State lawmakers killed a bill that proposed expanding the definition of drugs and substances in Hawaii’s impaired driving laws after they failed to reach an agreement on the measure in the waning hours of conference committee hearings Thursday.

With a 6 p.m. deadline looming, a conference committee of House and Senate legislators deferred Senate Bill 641, but indicated they may return to it next year.

“Perhaps we can work with the counties as well, and have more conversations with the police department and prosecuting attorneys to make sure we have nice, clean bills,” Sen. Lorraine Inouye, one of the conference committee co-chairs, said.

HPD Police DUI Sobriety checkpoint Alapai Street. 5 may 2016.

A Honolulu Police Department officer speaks to a man at a sobriety checkpoint on Alapai Street.

Cory Lum/Civil Beat

The Senate’s original draft authored by Sen. Karl Rhoads would have  expanded the definition of “drug” for purposes of DUI enforcement to include anything that “can impair the ability of a person to operate a vehicle safely.”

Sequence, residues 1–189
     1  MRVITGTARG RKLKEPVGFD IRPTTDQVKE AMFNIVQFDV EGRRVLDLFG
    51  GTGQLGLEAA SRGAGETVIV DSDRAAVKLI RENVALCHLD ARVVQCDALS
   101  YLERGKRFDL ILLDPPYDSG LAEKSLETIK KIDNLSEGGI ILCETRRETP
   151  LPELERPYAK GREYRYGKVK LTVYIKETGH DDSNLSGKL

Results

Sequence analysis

It would also include any plant or chemical that could impair driving. The broad definitions raised concerns with the public defenders office.

Rep. Chris Lee, the House Judiciary Committee chair, changed the measure to make it a petty misdemeanor if anyone is caught driving impaired by the substances that would be included under SB 641.

On Thursday morning, Rhoads, Inouye and other senators offered the House representatives a new draft of the bill that nixed Lee’s changes and exempted the new drugs from being counted toward habitual offense, which is considered a Class C felony.

However, lawmakers agreed to HB 703 which would ban the sale of alcohol to anyone who was charged with habitual offense. The bill also slaps heftier fines for DUIs and extends the time a persons license would be suspended.

An important ask . . .

Our evolution as a public service news organization over the past 10 years has prepared us for this moment in time, when what we do matters the most.

Many of you have supported Civil Beat from the beginning. We are deeply grateful to all of you for making this nonprofit news experiment possible.

As Civil Beat embarks on our summer fundraising campaign, we’re asking readers to contribute what you think we’re worth. Whether you’ve valued our public service journalism for 10 years or 10 days, now is the time we need you the most.

About the Author